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Arts

Nancy Banks-Smith on The Archers: every man and his donkey is a suspect

Who tried to kill Matt? We’re not short of leads after Huw Kennair-Jones’s final act as Archers editor is to frame half of Ambridge

This month Huw Kennair-Jones, briefly the editor of The Archers, leaves Ambridge for the bright lights of ITV. The last day at work is a wonderful opportunity for a leg pull. You can delete Donald Trump’s Twitter account or, in this case, leave every man in Ambridge under suspicion of attempted murder.

It happened during the Hunt Ball, which everyone said was a roaring success though most of them were unaccountably absent for lengthy periods. Matt, a man with the popular appeal of a dog fox, was in The Bull, bibulously discussing hopeless love with the landlord (“So set ’em up, Joe”). Joe understandably urged him to get some fresh air. A screech of tyres ... a whispered “Lilian!” ... and Matt was in Borsetshire General with broken ribs, a collapsed lung, head injuries and an induced coma. The kindly consultant – but not the kind I’d want at my deathbed – urged a distraught Lilian not to look on the bright side.

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Abigail's Party: Nancy Banks-Smith reviews the TV version of the play - archive 1977

2 November 1977 Any party on TV is the signal for insult, indigestion and vomiting off


Pearls are caused by irritating oysters in the privacy of their own homes and Abigail’s Party (BBC1) was a fine pearl, the result of one of those TV parties where everyone has a simply terrible time.

Any party on TV is the signal for insult, indigestion and vomiting off. Charles Wood’s Love-Lies-Bleeding was this year’s clear favourite in that most of the party was spent cowering under the kitchen table, the soup was off and the host was shot.

Related: Mike Leigh on Abigail’s Party at 40: 'I was sure it would sink without trace'

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Nancy Banks-Smith on The Archers: a prizewinning lamb tops a dazzlingly dull year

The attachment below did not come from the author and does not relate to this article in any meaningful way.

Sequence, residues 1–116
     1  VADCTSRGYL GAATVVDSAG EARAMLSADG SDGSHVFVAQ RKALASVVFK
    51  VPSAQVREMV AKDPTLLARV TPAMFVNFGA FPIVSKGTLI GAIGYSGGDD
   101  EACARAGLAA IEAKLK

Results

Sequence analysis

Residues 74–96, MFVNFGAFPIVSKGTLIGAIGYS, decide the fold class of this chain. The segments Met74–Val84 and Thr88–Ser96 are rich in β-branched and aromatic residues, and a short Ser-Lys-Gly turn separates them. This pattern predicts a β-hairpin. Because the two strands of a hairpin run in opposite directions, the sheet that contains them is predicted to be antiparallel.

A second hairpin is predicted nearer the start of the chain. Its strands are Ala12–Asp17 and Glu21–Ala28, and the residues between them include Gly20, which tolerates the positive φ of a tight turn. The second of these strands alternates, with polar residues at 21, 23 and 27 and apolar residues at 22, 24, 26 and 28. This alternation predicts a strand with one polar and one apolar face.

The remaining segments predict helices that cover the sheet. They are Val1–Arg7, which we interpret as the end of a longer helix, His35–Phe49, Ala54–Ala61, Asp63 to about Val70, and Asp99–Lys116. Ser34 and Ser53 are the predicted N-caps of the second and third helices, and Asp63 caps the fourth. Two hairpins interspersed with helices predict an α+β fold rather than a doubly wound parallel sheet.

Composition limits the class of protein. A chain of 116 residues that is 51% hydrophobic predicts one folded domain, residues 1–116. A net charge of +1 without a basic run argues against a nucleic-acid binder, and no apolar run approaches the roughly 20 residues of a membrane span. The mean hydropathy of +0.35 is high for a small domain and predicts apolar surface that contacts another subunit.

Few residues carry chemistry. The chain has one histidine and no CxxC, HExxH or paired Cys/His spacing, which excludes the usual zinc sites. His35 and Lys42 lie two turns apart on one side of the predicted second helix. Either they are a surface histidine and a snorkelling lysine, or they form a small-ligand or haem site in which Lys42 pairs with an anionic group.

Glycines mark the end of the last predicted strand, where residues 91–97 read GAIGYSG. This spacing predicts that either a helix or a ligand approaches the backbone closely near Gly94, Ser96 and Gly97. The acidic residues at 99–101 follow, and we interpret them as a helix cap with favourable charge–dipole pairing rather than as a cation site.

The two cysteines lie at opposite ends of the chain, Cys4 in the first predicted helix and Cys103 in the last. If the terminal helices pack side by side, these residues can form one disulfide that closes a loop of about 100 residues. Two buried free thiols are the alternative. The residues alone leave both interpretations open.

Ian and Adam are hiring a womb, Ed Grundy is hunting online for top lamb sperm – and editor Huw Kennair-Jones is leaving Ambridge just as I’ve learned how to spell his name

“You picked a fine time to leave me, Lucille,
With 400 children and a crop in the field.”

– Kenny Rogers

After barely a year of country life, the editor of The Archers, Huw Kennair-Jones, whose name I have only just learned to spell with any confidence, is leaving us for the bright lights. As his boss said over Pringles and prosecco: “He’s done a great job. It’s been an eventful year in Ambridge.” He may have done a great job, but it has been a dazzlingly dull year and, after the fireworks display of the previous editor, that may well have been the idea. Silence like a poultice came to heal the blows of sound. Jones the Poultice.

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Nancy Banks-Smith on The Archers: is Grey Gables Ambridge's answer to The Shining?

Caroline’s ashes are unlikely to make Grey Gables feel any less haunted. Maybe a new coat of paint will do the trick? Meanwhile, Adam is wondering if he’s ready to add to the village’s extraordinary array of tots

“Take me when I’m gorn /
To Forest Lawn.”

– John Denver

Grey Gables always reminds me of the hotel in The Shining. Endless echoing corridors and unoccupied conference suites. Run by a skeleton staff for invisible guests. It is almost certainly haunted. The bones of previous residents moulder in the spacious grounds. Captain, Jack Woolley’s unattractive bull terrier, is here with his own headstone and the ashes of Caroline, the former owner, nourish a cherry tree. “No better place for her final rest” as her sorrowing widower put it this week and, indeed, there is a sense of mausoleum about the place. Grey Gables is the nearest thing to a white elephant you will find outside Whipsnade Zoo.

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